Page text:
|Jonathan L. Moreno – General director Diversatek Vietnam|
According to the Ho Chi Minh City/Danang Healthcare Committee White Book 2020, from the American Chamber of Commerce in Vietnam, the country has the second-highest total healthcare expenditure as a percentage of GDP in Southeast Asia at approximately 5.5 per cent. More than 90 per cent of the population is covered by the national healthcare insurance. Out of pocket payments are also high accounting for approximately 45 per cent of total healthcare expenditures. Less than 20 per cent of hospitals are privately owned, illustrating that Vietnam is still very much a public-dominated health system.
What are some of the biggest challenges? Being primarily a public-dominated healthcare system, Vietnam faces capability and financial constraints. For example, there are fewer than 30 hospital beds per 10,000 people. The World Health Organization recommends approximately 50. There is a low doctor per capita ratio. Increases in life expectancy and people aged 65 and older adds greater healthcare requirements and financial burdens. Vietnam’s rise in non-communicable diseases due to unhealthy lifestyle choices are also burdening the healthcare system.
To meet these challenges, Vietnam must continue encouraging the development of the private healthcare sector to invest in and support its healthcare system’s growth. This growth provides opportunities which are attractive to both private foreign and domestic healthcare companies. For example, the medical device market was estimated at $1.4 billion in 2019 and has consistently grown at more than 10 per cent each year since 2013.
The significant need for more hospital beds provides opportunities for private hospitals and clinics. Vietnam’s pharmaceutical market was estimated at $6.6 billion in 2019, a considerable percentage of Vietnam’s total healthcare expenditure. Yet, the pharmaceutical market is still estimated to grow 10 per cent per year during 2017-2028 to meet the required demand.
Clearly, the opportunity in Vietnam’s healthcare ecosystem is blossoming today. Vietnam has a rising middle class. Vietnamese citizens prioritise personal investment in reliable and proven best-in-class healthcare. Finally, the Vietnamese government has continued to show the world its commitment to the health of the people and residents of Vietnam with its successful management of the COVID-19 pandemic.
I have served as general director of Diversatek Vietnam, a US-owned medical device company, for the past 10 years. I am now leading our successful medical device manufacturing operation to expand from export only to also begin meeting the challenges and opportunities within the Vietnamese market.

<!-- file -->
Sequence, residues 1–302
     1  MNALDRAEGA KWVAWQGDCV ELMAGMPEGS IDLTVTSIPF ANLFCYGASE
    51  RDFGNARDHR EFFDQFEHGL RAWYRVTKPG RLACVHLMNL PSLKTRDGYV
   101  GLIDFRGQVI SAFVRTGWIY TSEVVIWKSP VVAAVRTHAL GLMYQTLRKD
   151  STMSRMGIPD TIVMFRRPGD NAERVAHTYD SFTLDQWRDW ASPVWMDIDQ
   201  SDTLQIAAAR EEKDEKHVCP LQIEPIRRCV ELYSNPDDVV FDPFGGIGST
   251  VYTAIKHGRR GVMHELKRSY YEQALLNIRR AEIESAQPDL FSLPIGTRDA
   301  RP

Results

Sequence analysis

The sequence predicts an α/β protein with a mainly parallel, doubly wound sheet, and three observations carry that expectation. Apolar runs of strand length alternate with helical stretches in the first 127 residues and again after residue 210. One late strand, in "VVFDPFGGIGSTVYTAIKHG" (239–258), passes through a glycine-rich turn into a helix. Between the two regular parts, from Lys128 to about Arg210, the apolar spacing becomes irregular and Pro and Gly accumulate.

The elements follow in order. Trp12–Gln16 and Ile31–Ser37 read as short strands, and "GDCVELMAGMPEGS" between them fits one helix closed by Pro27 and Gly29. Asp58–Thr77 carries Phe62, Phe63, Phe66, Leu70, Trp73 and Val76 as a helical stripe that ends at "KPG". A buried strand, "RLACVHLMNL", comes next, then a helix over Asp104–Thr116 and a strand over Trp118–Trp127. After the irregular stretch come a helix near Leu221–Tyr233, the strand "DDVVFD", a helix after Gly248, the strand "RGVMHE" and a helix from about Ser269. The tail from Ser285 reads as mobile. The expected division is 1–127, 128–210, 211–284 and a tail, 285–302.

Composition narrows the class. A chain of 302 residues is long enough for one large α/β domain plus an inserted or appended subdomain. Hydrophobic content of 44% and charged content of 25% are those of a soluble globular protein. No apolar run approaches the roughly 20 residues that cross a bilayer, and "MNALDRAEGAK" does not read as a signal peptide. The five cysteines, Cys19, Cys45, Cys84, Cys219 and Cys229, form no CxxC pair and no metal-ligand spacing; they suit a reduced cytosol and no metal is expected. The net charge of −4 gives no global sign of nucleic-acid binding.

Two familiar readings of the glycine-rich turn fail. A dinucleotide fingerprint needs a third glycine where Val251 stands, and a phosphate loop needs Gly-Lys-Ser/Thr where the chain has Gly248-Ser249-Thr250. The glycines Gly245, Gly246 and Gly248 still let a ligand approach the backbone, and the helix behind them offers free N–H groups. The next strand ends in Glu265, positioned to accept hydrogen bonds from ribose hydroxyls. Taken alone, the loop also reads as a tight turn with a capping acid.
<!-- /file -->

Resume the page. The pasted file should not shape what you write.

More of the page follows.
Diversatek Vietnam’s experience is not a unique American investment story. Victoria Healthcare, with its multiple branches, has become a health clinic where both foreigners and Vietnamese trust their families to go for “quality medical services with compassion at affordable prices.
American Chiropractic Clinic (ACC) was the first chiropractic clinic opened and registered in 2006 under the Ministry of Health. ACC is committed to operating with top international standards of care by only credentialed doctors utilising state-of-the-art technology.
And Docosan, a healthtech startup, is developing a service to digitalise a key pain point in the patient journey, which is helping to connect patients with the right doctors as well as to book their appointments to ease waiting times.
This is just an abbreviated mention of some American small- and medium-sized enterprises (SMEs) which have organically grown in fertile Vietnamese soil.
The many multinational US pharma and medical device corporations, such as Pfizer, Medtronic, Abbott Laboratories, and Merck Sharp & Dohme are also seeing success and opportunity in Vietnam.
The characteristic of most American companies, both multinationals and SMEs have been demonstrating that the health of Vietnam’s people is the priority. They believe that each person served by the country’s healthcare system, public or private, deserves to have access to the best healthcare services possible. These companies are on the front line of environmental, social, and governance investing.
Over the past two years, American healthcare companies operating in Vietnam have more formally organised to make a greater impact on Vietnam’s healthcare ecosystem. More than 40 healthcare companies have revitalised the American Chamber of Commerce Healthcare Committee representing the sub-sectors of consumer nutrition, healthcare providers, innovative pharmaceuticals, medical devices, private insurance, retail pharmacies, and supporting services.
This diverse organisation is meaningful and unique because there is a broad spectrum of support covering most aspects of healthcare in Vietnam. Since there are logical occasions whereby one or the sub-sectors might have an interest in conflict with another, this group provides support and recommendations to the Vietnamese government by gaining consensus of all the healthcare sub-sectors.
Moving forward, healthcare industry experts anticipate US investments will continue to grow in Vietnam. US-invested healthcare clinics continue to expand to additional outlets and American pharmaceutical and medical device companies continue to expand their headcounts and operations.
The challenges are great but the opportunities are greater. As the Vietnam public sector continues to partner with the private sector to develop healthcare, the Vietnamese public sector will win, the private sector will win – and most of all, the people of Vietnam will win.